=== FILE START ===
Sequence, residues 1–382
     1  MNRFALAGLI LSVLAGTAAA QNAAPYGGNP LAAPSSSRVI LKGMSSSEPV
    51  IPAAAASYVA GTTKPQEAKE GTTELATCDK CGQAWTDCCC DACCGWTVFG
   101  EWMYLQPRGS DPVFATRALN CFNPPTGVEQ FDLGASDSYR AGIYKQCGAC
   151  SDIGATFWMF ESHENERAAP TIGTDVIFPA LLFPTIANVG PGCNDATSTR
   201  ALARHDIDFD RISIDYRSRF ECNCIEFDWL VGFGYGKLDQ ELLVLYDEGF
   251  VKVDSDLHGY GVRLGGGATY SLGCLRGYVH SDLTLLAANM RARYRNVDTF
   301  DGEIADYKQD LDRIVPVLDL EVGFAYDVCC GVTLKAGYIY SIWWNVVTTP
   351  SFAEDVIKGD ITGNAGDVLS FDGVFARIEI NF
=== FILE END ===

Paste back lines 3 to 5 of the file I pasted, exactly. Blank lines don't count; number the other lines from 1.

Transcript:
    51  IPAAAASYVA GTTKPQEAKE GTTELATCDK CGQAWTDCCC DACCGWTVFG
   101  EWMYLQPRGS DPVFATRALN CFNPPTGVEQ FDLGASDSYR AGIYKQCGAC
   151  SDIGATFWMF ESHENERAAP TIGTDVIFPA LLFPTIANVG PGCNDATSTR